Human body is composed of complex internal and external structures and each part is handled by different medical specialty. Names such as internal medicine, surgeon, or ear-nose-throat, ENT, give away what kind of doctors they are. But “family doctor” is not quite clear. Here we have Dr. Kevin Kim(35), who is a family doctor at the Carle Hospital, and we will listen to his stories as a family doctor.
When I was living in Europe for a short while, the “family practice” system was common, and it helped us out a lot. I don’t think “family practice” is as well known in Korea or in the United States. Can you explain what kind of doctor a family practice physician is? Who needs a family practice physician?
Family Practice is an area of Medicine that you can think of as a combination of Pediatrics, Obstetrics, Internal Medicine and Geriatrics. As the name gives out, you could be a physician for entire family members, including ones still in mother’s womb, all the way to geriatrics. In America, access to medicine is different than what Koreans are used to in Korea; instead of patients seeking particular specialty out themselves and seeing that specialist based on their symptoms, the family practice (FP) physician is the overseer of his patient’s health. FP physician would be able to manage most of patients’ chronic diseases, however, he or she would make referrals to specialists as needed. Great thing about having a FP physician is that this doctor would know the patient as a whole person and manage all the different systems together, rather than treating a person just as a sum of many different parts. I believe this brings a holistic approach to patient care.
It sounds like a family practice physician would need to know all the body parts well, not just one part, if they even perform simple surgical procedures. Does it take more time to study than other medical specialties?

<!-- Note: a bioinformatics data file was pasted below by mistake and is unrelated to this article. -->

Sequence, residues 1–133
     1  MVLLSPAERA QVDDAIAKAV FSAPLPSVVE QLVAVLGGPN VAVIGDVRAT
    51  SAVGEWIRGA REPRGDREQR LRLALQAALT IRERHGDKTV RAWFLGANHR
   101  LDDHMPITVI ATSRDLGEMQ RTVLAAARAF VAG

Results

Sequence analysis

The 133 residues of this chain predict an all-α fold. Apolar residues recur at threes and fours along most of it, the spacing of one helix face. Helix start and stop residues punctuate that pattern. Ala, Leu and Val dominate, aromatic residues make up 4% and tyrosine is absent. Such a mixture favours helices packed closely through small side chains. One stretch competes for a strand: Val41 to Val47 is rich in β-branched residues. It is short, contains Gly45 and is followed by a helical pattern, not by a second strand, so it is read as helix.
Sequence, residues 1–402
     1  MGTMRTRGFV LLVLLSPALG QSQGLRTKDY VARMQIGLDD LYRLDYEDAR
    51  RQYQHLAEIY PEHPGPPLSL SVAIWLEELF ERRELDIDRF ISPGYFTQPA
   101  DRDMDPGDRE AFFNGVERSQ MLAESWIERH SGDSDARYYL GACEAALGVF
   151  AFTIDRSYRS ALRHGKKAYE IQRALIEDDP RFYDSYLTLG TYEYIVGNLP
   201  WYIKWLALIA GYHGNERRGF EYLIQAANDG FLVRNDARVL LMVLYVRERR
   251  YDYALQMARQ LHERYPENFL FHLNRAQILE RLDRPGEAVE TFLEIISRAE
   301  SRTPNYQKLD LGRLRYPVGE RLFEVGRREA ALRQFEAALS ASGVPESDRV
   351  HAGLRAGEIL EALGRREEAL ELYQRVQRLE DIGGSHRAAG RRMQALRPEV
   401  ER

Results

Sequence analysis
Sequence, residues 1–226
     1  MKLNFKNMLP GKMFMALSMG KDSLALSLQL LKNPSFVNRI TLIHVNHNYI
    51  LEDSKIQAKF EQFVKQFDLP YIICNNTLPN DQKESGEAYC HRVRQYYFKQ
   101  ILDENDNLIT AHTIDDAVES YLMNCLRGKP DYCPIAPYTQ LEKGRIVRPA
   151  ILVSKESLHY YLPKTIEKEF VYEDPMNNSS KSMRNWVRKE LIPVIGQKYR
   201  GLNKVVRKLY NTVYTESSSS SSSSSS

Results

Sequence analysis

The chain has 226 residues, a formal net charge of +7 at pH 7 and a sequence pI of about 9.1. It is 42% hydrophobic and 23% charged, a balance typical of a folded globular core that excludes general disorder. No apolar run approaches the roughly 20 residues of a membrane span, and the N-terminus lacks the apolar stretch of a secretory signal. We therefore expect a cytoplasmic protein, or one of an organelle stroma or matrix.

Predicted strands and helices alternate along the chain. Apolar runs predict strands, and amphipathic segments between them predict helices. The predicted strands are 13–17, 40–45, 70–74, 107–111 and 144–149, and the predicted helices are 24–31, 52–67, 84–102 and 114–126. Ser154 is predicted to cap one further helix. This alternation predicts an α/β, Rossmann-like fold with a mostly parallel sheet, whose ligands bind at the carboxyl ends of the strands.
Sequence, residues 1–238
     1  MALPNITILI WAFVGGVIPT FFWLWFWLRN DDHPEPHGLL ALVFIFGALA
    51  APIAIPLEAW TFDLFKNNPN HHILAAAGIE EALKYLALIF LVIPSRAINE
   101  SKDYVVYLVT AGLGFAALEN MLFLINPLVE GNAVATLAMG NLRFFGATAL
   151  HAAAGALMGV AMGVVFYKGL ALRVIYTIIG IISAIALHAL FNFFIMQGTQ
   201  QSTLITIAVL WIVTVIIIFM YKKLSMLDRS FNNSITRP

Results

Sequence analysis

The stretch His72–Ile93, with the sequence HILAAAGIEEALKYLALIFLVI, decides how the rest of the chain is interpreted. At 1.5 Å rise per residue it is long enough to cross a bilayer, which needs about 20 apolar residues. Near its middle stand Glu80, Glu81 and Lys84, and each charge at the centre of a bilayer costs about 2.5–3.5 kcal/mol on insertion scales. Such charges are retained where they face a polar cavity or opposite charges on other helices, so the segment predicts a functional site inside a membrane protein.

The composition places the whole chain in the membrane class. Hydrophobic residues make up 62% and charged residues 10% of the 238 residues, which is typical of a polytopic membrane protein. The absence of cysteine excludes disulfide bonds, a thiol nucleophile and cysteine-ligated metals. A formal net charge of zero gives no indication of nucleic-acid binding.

Yes, I do many simple outpatient procedures, such as joint injections, skin biopsies, cyst excisions, toenail removal, etc. We definitely need to have more generalized understanding of medicine, as you mentioned, as we need to be familiar with whole body system. However, the training period is not any longer than other specialties. Actually, family practice has one of the shorter residency training tracks compared to other specialties. Other specialties go much deeper into their particular fields of interest, but family practice would need to cover much wider spectrum of medicine but at a relatively shallow depth compared to a more specific specialty.
You started studying medicine late, having worked in another field before. What was your motive?
I had an opportunity to go to Kenya as an interpreter for a team of physicians from Korea, and there I felt a certain calling to go into medicine to serve the weak and the neglected. One of the verses that inspired me was “Jesus went throughout Galilee, teaching in their synagogues, proclaiming the good news of the kingdom, and healing every disease and sickness among the people (Matthew 4:23 NIV)”. Now I understand that I may treat people as a doctor, but only Jesus can heal.
Do you still volunteer? Where do you go mostly? What are the difficulties you experience there? What thoughts do you have after visiting there?